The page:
A pinacotheca (Latin borrowing from Ancient Greek: πινακοθήκη, romanized: pinakothēkē = πίναξ, pinax, '(painted) board, tablet' + θήκη, thēkē, 'box, chest') was a picture gallery in either ancient Greece or ancient Rome. The name is specifically used for the building containing pictures which formed the left wing of the Propylaea on the Acropolis at Athens, Greece. The Pinacotheca was located next to the temple of Athena Nike. Though Pausanias speaks of the pictures "which time had not effaced", which seems to point to fresco painting, the fact that there is no trace of preparation for stucco on the walls shows that the paintings were easel pictures. The Romans adopted the term for the room in a private house containing pictures, statues, and other works of art.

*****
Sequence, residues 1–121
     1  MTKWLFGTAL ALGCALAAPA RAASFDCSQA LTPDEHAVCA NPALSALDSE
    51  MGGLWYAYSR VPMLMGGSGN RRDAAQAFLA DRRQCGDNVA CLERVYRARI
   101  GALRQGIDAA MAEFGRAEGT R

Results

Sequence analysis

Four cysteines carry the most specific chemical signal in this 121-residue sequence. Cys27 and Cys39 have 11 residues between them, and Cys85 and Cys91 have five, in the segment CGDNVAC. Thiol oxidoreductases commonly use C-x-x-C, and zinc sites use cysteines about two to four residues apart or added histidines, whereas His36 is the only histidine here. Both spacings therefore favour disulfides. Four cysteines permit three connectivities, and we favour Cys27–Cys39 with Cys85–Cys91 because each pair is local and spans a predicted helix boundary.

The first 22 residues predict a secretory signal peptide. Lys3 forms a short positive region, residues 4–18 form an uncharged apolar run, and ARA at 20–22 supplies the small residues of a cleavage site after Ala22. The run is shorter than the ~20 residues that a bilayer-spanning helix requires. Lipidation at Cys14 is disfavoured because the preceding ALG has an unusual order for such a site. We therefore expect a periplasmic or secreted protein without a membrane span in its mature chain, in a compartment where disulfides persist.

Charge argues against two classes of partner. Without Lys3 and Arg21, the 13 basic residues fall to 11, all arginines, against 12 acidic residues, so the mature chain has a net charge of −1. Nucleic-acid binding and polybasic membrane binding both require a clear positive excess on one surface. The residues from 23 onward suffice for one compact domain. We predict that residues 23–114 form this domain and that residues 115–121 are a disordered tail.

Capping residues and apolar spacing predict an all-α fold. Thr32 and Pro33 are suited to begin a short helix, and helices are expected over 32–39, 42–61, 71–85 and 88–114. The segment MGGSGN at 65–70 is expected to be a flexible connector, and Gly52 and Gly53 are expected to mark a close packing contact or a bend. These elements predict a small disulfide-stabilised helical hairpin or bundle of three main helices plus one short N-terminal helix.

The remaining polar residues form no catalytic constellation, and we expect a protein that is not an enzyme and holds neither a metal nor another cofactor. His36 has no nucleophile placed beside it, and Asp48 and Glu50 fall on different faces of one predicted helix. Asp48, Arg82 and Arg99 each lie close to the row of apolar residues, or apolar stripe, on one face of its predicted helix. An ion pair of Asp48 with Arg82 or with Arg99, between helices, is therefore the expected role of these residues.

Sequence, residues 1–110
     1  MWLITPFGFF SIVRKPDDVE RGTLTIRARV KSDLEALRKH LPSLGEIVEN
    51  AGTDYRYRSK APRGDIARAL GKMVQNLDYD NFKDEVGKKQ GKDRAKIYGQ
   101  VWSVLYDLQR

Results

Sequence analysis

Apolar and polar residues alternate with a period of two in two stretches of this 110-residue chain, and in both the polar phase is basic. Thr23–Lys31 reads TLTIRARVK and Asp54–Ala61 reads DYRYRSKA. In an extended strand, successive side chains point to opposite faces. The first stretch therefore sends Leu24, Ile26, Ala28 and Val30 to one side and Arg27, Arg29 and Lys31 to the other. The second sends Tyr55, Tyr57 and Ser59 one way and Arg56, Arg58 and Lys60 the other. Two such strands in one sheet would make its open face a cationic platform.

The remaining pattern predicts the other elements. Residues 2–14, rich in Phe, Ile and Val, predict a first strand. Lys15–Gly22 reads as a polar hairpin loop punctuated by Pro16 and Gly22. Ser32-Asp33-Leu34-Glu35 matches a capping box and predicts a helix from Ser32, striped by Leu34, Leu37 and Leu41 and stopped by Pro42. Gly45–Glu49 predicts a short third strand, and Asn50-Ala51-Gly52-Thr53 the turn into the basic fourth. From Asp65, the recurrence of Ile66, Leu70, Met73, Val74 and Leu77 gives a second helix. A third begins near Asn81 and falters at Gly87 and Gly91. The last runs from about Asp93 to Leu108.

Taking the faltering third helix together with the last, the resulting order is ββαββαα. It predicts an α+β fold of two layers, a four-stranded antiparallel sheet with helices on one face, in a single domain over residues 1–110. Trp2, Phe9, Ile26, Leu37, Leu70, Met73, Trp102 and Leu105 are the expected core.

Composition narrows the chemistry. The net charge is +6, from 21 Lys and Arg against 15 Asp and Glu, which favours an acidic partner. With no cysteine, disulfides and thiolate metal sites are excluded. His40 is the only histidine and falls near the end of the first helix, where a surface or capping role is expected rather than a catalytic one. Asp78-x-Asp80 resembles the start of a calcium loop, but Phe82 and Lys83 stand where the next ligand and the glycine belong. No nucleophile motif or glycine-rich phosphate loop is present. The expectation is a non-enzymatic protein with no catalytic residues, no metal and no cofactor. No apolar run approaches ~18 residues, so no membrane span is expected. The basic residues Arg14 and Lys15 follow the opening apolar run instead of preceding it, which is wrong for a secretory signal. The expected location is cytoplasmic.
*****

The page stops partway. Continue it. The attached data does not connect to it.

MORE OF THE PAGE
In the modern world the word is often used as a name for a public art gallery concentrating on paintings, mostly in Italy (as "Pinacoteca"), such as the Pinacoteca Vaticana of the Vatican Museums (which is usually meant when the plain word is used), the Pinacoteca di Brera in Milan (more often "the Brera" informally), the Pinacoteca Giovanni e Marella Agnelli built on the roof of the former Lingotto Fiat factory in Turin, Italy, with others in Bologna and Siena. In Brazil, there is the Pinacoteca do Estado de São Paulo. In Paris, the Pinacothèque de Paris. In Munich the three main galleries are called the Alte Pinakothek (old masters), Neue Pinakothek (19th century) and Pinakothek der Moderne. The Pinacotheca, Melbourne, was a gallery for avant-garde art from 1967 to 2002. At Hallbergmoos, near Munich Airport, there was the Pinakothek Hallbergmoos (20th and 21st century) between 2010 and 2014.
- This article incorporates text from a publication now in the public domain: Chisholm, Hugh, ed. (1911). "Pinacotheca". Encyclopædia Britannica. 21 (11th ed.). Cambridge University Press. p. 616.
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